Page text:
• Nance Harding

Liminal Space & the Art of Creative Suffering

Updated: Aug 22


In Western cultures where the collective mantra is, I consume; therefore, I am we imagine ourselves beyond such realities as illness and death. This is an illusion, a denial that human beings are part of Nature and as such subject to the laws of cause and effect.


Covid-19 has ripped the veils of this illusion and forced us into a liminal space of betwixt and between where we are not certain nor are, we in control.


This betwixt and between time, the threshold state Jungians call liminality, is where we are invited to discover and live from broader perspectives so that we can learn to have eyes that see and ears that hear.


This is the place of the artist; the writer; the shaman; the mystic and the intuitive. It a place of illumination but only after the ego props have fallen away, usually through some sort of hardship that touches us personally like the Covid-19 illness or the Great Recession or the Iraq War or 9/11.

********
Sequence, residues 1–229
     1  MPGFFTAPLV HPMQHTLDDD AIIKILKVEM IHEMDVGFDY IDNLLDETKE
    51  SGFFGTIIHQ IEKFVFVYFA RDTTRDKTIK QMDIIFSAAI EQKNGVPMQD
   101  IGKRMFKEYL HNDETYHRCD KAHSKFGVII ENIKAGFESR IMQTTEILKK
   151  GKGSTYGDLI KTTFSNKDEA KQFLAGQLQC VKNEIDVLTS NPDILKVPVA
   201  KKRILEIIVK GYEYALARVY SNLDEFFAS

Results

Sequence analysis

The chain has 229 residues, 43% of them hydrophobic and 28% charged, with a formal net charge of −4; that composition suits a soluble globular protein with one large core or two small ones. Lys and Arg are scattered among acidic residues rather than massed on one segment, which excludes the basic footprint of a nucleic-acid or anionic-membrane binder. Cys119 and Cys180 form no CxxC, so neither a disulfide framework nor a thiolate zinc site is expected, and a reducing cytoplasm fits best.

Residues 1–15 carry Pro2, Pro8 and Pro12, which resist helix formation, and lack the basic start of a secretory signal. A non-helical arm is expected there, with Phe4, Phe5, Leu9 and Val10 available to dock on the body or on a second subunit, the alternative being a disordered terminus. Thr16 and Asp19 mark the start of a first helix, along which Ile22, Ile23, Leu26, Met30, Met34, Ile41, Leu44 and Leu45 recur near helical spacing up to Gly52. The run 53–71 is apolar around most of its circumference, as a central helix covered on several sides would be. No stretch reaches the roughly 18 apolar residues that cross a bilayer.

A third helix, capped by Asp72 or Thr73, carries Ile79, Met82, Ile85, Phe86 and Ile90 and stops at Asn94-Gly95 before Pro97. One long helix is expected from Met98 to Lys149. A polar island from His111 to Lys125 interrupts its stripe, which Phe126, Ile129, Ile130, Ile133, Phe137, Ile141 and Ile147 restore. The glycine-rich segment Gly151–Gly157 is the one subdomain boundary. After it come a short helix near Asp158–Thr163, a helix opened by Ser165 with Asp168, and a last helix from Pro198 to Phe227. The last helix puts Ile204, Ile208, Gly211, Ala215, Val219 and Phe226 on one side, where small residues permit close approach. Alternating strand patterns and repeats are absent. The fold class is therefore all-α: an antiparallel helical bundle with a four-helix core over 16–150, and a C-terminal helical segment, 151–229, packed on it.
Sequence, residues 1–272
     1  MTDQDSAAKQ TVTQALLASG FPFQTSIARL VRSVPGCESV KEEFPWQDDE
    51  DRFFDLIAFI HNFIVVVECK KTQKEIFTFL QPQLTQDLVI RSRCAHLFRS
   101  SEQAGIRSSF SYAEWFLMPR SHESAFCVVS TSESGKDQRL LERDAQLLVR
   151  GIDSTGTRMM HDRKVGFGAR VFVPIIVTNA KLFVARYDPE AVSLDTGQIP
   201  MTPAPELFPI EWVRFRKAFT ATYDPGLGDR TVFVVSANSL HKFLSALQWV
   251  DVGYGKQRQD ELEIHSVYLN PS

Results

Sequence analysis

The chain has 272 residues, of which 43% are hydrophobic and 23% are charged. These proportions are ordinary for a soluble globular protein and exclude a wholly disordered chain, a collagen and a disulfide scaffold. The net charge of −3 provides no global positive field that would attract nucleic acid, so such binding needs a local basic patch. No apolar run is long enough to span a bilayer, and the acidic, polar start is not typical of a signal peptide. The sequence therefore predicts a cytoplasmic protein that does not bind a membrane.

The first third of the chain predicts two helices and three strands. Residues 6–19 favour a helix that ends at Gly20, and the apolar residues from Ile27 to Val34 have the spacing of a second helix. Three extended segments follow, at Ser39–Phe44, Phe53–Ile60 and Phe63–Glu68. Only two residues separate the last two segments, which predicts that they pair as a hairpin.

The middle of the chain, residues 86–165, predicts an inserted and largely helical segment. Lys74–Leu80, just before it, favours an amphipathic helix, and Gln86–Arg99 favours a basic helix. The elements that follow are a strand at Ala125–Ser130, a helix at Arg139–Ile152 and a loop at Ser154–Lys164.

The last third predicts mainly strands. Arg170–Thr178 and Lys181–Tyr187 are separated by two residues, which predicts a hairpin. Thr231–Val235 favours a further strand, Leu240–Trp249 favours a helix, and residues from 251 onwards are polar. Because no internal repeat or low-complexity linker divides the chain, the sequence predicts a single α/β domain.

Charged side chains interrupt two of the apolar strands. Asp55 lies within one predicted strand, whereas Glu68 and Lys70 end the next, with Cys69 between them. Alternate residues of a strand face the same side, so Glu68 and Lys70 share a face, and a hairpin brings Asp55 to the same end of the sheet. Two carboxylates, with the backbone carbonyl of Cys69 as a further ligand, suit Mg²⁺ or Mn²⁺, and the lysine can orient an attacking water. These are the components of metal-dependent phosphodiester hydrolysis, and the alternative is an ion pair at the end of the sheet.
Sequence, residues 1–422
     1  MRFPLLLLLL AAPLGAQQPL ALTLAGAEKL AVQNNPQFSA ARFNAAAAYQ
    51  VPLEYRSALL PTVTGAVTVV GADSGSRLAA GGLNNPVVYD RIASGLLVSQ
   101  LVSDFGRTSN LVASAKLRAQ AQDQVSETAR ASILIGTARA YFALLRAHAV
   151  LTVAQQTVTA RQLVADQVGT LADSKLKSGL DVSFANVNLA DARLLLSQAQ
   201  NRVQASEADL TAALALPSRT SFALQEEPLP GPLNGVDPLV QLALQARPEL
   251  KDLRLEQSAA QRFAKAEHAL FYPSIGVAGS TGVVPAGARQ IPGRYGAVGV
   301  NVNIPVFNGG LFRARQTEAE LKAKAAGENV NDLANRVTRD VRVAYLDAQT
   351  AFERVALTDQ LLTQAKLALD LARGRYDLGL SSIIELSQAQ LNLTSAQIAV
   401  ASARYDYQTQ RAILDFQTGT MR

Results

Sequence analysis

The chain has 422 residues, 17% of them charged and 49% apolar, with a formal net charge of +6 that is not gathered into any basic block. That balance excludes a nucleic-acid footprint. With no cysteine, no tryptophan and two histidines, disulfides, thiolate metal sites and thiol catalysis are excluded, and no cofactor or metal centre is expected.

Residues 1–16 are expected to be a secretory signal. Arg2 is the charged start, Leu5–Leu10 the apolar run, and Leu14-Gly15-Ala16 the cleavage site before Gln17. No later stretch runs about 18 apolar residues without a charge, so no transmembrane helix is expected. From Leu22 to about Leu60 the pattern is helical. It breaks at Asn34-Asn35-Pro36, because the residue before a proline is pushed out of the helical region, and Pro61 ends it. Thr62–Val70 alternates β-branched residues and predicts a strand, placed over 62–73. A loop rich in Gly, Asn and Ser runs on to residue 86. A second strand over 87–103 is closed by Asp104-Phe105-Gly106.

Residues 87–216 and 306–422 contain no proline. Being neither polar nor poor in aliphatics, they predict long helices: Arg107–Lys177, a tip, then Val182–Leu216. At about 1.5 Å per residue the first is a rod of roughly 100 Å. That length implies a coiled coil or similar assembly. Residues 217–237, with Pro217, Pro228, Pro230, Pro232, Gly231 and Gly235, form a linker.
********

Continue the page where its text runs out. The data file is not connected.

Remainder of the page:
Do not let others tell you suffering is optional. It is not but what you do with it is. Only you can choose to allow your personal suffering to bring you closer to that within which holds you together when that which is without no longer can. Maybe that is what Carl Jung meant when he wrote:


Every psychic advance of man arises from the suffering of the soul. People are never helped in their suffering by what they think for themselves, but only by revelation of a wisdom greater than their own. It is this which lifts them out of their distress.


So, feel what you need to feel. Write it all down – the dreams, the thoughts, the love, the fear and the anger or rage. These emotions will be the necessary energy need to change the trajectory of your own life.


Then when we collectively step over the threshold into our brave new world you’ll have much work to do if you’re interested in becoming the CEO of Me, My Soul & I, Inc - my metaphor for those who choose to go their own way.


Photo: Matt Kochar at Unsplash


Nancy A. Harding, MAHS-LPC

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